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Lord Of The Flies: Themes, Characterization And Symbolism.

992 words - 4 pages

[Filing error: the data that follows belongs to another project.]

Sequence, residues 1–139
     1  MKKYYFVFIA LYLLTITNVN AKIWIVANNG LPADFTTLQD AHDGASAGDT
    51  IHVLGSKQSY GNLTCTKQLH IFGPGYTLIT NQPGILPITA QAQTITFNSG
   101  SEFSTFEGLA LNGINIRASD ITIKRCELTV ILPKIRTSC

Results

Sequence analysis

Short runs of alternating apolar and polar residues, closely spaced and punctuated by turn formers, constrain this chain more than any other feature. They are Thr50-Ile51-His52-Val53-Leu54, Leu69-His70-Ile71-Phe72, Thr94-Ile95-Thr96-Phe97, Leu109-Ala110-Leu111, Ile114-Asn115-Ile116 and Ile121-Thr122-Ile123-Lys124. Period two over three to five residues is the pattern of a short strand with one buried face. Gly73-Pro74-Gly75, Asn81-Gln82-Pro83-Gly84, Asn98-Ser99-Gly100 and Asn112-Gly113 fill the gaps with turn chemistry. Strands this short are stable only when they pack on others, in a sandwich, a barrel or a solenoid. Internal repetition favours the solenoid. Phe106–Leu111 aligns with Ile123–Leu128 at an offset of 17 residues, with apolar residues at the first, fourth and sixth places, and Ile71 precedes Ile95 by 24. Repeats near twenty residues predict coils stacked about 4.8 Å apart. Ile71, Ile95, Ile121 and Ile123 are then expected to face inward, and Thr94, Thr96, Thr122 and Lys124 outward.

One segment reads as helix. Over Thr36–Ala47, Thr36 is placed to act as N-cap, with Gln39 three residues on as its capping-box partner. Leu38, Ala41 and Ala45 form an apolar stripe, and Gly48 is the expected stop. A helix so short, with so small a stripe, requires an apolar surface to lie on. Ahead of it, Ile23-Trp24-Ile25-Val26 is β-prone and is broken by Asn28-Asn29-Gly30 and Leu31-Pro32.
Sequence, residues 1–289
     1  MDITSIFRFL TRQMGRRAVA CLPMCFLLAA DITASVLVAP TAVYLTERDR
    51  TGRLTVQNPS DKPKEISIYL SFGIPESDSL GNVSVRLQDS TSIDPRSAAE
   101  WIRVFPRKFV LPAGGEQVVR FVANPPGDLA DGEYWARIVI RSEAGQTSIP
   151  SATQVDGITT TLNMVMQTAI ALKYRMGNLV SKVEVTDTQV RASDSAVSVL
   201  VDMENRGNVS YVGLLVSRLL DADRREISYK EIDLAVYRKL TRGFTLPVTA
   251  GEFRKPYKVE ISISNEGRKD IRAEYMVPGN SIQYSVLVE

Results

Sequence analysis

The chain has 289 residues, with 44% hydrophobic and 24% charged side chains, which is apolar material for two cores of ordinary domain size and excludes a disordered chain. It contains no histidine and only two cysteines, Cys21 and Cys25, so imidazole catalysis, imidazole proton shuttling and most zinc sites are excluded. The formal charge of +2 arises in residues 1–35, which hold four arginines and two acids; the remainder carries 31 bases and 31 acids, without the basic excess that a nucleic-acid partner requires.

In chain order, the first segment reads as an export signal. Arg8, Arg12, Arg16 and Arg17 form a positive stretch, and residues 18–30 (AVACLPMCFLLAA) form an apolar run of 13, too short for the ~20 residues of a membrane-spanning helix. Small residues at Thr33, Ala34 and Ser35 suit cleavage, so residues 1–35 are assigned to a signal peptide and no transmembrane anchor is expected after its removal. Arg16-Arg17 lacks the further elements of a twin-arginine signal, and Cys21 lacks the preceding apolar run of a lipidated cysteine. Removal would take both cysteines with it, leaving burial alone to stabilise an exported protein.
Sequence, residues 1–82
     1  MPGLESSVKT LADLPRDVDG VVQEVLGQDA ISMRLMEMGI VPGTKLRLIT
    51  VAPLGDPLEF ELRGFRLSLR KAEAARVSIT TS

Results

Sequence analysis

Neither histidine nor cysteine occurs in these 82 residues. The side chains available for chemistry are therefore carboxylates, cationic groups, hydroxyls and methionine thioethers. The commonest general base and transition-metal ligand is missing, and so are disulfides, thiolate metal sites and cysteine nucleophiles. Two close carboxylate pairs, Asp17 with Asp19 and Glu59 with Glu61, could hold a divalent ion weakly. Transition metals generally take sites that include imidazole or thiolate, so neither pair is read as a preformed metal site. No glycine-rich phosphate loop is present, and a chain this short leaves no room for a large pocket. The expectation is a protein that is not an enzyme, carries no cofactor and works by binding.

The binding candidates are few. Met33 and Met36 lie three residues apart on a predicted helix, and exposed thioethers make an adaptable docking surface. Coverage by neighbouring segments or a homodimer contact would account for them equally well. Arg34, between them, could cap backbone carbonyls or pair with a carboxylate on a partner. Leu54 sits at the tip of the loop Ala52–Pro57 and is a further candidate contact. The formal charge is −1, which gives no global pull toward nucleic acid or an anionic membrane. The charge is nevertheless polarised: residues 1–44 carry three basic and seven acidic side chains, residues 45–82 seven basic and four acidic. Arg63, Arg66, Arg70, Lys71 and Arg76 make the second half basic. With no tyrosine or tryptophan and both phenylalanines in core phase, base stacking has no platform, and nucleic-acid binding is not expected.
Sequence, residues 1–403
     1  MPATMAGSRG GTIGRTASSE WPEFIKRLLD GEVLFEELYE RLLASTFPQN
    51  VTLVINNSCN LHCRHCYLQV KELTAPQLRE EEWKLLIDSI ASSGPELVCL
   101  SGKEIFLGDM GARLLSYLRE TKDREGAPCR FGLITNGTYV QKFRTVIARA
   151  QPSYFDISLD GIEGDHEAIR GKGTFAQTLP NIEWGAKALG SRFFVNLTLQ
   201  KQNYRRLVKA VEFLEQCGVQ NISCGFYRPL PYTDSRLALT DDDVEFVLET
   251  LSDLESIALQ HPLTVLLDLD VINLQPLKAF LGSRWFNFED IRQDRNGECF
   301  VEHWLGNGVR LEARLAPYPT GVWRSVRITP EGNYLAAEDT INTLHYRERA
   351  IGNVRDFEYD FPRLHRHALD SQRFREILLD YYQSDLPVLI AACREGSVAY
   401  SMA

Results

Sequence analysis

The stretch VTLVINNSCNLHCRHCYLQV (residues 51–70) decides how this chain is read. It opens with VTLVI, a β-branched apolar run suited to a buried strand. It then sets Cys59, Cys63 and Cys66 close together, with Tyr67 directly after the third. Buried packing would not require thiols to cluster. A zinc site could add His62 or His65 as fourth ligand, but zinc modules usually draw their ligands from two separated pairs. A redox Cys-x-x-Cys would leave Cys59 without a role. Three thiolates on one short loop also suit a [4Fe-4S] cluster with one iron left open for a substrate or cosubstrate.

Within all humans lies a conflicting urge: to respect, follow rules and remain civilized or to break out and live on ones immediate desires. Eventually, the second desire will overrule the first and humans will become savage and evil beings. This is one of the key issues expressed in William Golding's Lord of the Flies. The novel explores this issue through various techniques. The primary techniques implemented are characterization, themes and symbolism.Characterization is a significant technique used to express the issue in the novel. Lord of the Flies is an allegorical novel; the major characters represent certain philosophies or beliefs in society. The island acts as a microcosm with all the characters becoming part of the community. There are two major characters explored in Lord of the Flies; Ralph and Jack. Ralph essentially represents the civilized and logical nature of all humans. His proactive thinking and confidence ensures he is made chief at the beginning of the novel. However, towards the end of the novel, the boys become more savage and the power is shifted to Jack. Ralphs main desires on the island are to be rescued. This demonstrates his strong connection with the civilized world. He realizes in order to be rescued, a fire must be maintained and this becomes his priority. Ralph's attitudes also illustrate his civilized nature. He respects and follows rules and believes without boundaries, the island society will not function. His strong attitude is shown through the quote "the rules are the only thingy we've got."Jack, being the antagonist completely rejects Ralph's values and represents the savage, primitive and power hungry nature of humans. At the beginning of the novel, Jack is described as the lead choir boy, a very conservative position. However, as the novel progresses, Jack's inner desires are shown and his mask of civilized nature is removed to reveal an evil and primitive being. Jack's power hungry personality is shown subtly through his "blush of mortification" when he is not chosen as chief. He utilizes being stranded on the island to break out of the boundaries society has placed on him and he has no desire to be rescued, he would rather build his own community on the island. The quote "we don't need the conch no more. We know who ought to say things" illustrates Jack's refusal to follow rules.The fact that both Ralph and Jack are extremely similar at the beginning of the novel is very significant. Golding uses this to express his attitude that evil lurks in everyone. The subtle contrast between the two characters in the first chapter enforces the characters differences. Ralph, described as tall, fair skinned and athletic and Jack describe as "tall, thin and bony... freckled...ugly without silliness." This contrast immediately allows the audience to subconsciously favour Ralph as he is described as more attractive. The conflict between Ralph and Jack is also cleverly...

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